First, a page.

Go back to the Europarl portal

Choisissez la langue de votre document :

  • bg - български
  • es - español
  • cs - čeština
  • da - dansk
  • de - Deutsch
  • et - eesti keel
  • el - ελληνικά
  • en - English (Selected)
  • fr - français
  • ga - Gaeilge
  • hr - hrvatski
  • it - italiano
  • lv - latviešu valoda
  • lt - lietuvių kalba
  • hu - magyar
  • mt - Malti
  • nl - Nederlands
  • pl - polski
  • pt - português
  • ro - română
  • sk - slovenčina
  • sl - slovenščina
  • fi - suomi
  • sv - svenska
Parliamentary questions
PDF 24kWORD 19k
2 May 2019
Answer given by Mr Oettinger on behalf of the European Commission
Question reference: E-000762/2019

The Commission manages EU taxpayer’s funds in compliance with the EU regulatory framework. It continuously strives to improve its systems to ensure transparency towards the EU taxpayers. The recommendations of the European Court of Auditors will feed into these efforts.

The rules on sub-granting were clarified in the 2018 Financial Regulation, including within the context of networks of non-governmental organisations (NGOs), ensuring their consistent application. For projects implemented by several beneficiaries, in some policy areas (e.g. research) the Commission already records information on all beneficiaries of EU funds. In others (e.g. external relations), the Commission is developing a management system that will enable recording of funding to all beneficiaries contracted by the EU. It is to be finalised by 2021. In indirect management, the Commission is committed to ensuring, through appropriate verifications, that United Nations bodies correctly apply their rules and procedures.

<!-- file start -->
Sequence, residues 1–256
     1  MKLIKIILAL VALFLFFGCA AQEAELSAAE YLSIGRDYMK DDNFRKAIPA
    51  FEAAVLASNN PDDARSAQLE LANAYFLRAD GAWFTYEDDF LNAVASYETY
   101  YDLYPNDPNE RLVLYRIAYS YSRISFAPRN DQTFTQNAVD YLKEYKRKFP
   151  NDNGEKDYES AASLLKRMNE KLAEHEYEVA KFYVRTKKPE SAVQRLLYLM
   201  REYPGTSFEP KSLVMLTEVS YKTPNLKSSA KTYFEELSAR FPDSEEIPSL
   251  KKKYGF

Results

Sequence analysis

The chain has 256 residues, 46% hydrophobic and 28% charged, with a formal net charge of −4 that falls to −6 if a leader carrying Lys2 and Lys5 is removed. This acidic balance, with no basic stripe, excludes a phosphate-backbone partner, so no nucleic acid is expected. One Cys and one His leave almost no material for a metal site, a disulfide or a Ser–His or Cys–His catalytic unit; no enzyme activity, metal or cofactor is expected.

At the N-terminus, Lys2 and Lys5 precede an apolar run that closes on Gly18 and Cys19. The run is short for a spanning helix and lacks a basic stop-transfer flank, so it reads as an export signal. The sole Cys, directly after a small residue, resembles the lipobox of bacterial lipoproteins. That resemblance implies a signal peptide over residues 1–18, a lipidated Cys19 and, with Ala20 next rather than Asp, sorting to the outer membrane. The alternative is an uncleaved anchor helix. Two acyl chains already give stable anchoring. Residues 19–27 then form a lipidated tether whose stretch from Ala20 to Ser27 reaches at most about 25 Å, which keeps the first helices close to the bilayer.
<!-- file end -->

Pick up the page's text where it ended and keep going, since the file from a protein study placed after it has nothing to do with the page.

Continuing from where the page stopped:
On the justification for the system used to classify entities as NGOs, note that while the term NGO is widely used, it has no official definition in international or EC law. There are however two generally accepted criteria to consider an entity as an NGO: it is both private and not-for profit. Entities meeting these two criteria, which are objective and verified by the Commission services, are allowed to identify themselves as an NGO. Changes to the system would require an EU level harmonisation of the concept of an NGO and should be agreed by the legislator. The Commission cannot establish such criteria acting alone. In addition, diverse understandings of ‘NGOs’ between countries or policy areas suggest that such harmonisation may be problematic. 

Last updated: 3 May 2019Legal notice